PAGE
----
thrice great hermes
by stanley lieber
things were not going well. he ordered a new pair of boots and they were the wrong size. he sent them back, and the replacements, a half size larger, were also too small, but he wasn’t certain until he’d worn them for a couple of days. reluctantly he ordered a third new pair of boots.
climbing out of bed something went wrong. his back seized up and it was impossible to stand. his lower back was the problem. he eased himself back onto the bed and yelled for violet (she’d been up for hours, by this point). what now?
it lasted for five days. he thought he would lose his mind. painful spasms even just trying to turn over. he was exhausted but sleep was out of the question. when he dozed off, and moved, another spasm would shoot through his back. if he did sleep, waking up, and moving again, unthinking, it would set off a similar, unintentional chain reaction. at the end of the five days he finally just stood up and walked out of the bedroom, as if none of it had ever happened.
for the next three years, the cycle repeated once or twice each spring and fall. changing of the seasons meant at least a week in bed. outside of this window his back was mostly normal—just the usual low-grade misery. after three years the seasonal bed rest was replaced with a near-constant crook in his back that made it a challenge to stand or walk without making sour faces that pissed people off. he sighed a lot. the pain—as such—wasn’t bad enough to incapacitate him, it just lodged him in a permanent, sort-of-bad mood.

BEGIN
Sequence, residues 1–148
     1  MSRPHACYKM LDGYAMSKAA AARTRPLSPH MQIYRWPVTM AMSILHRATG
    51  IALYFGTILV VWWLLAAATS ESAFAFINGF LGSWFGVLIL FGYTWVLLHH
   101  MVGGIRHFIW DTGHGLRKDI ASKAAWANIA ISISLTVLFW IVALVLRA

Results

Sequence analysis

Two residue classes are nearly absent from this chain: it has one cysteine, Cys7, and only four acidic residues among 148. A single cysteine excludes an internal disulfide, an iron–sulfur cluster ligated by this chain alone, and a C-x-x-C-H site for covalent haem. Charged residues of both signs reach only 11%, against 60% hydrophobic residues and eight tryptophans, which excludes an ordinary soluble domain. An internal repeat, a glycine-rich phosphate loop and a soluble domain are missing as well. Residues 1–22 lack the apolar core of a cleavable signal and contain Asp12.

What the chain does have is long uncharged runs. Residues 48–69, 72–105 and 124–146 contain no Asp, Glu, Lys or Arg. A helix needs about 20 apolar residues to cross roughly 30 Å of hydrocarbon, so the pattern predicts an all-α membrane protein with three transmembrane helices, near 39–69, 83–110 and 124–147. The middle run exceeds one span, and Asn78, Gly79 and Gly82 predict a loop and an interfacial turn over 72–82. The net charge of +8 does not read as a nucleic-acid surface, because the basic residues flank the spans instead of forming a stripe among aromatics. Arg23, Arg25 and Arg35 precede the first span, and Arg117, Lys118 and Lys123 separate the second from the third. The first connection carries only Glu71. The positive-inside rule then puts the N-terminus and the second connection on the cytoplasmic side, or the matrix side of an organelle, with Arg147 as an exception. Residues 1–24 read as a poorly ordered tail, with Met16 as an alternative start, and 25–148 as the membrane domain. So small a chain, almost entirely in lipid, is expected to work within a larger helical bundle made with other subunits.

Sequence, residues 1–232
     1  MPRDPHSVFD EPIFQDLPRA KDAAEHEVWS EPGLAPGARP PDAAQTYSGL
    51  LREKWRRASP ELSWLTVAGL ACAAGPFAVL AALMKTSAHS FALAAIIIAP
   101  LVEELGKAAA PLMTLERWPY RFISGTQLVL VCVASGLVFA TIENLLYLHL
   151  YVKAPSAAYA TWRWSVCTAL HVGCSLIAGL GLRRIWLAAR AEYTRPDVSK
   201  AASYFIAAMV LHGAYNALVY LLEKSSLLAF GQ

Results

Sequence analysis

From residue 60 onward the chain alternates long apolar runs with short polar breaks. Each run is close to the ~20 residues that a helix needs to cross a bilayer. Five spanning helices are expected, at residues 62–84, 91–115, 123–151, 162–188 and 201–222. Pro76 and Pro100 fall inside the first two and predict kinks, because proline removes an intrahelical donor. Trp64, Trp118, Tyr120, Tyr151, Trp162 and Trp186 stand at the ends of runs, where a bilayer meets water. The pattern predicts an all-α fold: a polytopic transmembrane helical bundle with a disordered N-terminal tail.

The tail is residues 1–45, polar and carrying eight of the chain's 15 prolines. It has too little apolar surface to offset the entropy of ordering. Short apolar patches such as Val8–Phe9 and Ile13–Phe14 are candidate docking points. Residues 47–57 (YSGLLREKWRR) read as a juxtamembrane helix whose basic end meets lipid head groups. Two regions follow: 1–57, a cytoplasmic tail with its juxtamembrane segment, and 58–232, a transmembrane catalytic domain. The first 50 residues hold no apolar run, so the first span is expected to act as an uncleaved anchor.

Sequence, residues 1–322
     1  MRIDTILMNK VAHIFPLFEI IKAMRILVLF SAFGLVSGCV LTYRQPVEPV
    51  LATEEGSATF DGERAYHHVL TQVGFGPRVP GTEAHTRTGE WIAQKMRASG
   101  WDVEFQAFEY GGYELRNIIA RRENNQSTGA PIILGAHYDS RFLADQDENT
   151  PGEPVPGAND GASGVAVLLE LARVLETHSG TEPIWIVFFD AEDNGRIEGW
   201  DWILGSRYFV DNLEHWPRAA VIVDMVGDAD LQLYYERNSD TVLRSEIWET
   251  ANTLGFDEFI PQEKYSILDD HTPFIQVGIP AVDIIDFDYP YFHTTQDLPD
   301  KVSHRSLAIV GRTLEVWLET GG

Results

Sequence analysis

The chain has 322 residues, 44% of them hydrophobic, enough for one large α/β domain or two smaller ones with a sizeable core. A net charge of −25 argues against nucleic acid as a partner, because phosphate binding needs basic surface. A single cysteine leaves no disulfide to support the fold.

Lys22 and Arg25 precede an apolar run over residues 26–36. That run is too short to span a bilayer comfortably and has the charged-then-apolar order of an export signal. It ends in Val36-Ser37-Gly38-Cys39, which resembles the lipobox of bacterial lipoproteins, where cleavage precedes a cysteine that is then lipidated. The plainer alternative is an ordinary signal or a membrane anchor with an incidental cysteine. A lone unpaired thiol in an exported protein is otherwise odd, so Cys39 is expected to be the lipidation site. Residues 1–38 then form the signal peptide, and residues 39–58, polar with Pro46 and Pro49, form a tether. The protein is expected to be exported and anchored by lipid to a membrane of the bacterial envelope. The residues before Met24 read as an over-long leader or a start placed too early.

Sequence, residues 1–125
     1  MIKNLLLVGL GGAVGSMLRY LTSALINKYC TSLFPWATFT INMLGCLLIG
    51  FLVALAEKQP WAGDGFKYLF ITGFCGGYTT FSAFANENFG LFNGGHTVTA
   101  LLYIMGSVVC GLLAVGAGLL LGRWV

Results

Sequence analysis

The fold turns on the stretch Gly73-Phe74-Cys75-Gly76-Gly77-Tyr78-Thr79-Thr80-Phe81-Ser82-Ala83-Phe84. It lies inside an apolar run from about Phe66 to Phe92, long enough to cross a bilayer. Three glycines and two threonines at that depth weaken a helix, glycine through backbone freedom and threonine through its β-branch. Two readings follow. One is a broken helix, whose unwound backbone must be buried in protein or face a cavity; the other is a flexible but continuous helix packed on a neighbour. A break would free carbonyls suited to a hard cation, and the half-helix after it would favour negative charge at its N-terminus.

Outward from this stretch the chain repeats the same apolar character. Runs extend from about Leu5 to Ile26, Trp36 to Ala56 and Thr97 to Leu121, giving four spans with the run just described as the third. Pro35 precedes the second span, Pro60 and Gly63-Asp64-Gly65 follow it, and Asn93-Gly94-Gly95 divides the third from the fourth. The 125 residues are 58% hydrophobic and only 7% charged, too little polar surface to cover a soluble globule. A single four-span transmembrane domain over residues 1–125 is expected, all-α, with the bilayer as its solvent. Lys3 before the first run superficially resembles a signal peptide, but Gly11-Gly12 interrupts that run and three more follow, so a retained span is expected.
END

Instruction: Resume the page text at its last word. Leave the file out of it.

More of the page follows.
no one appreciated this more than violet, who spoke to him every day. "my back hurts," he would say, again.
he resolved to stop complaining. mainly because it took up so much of his time, and anyway had no positive effect, re: his back. whenever he wanted to complain about something he would stop, and not say anything at all. reminded him of his grandpa.
this worked about as well as it worked. sometimes he would complain anyway.
his back hurt.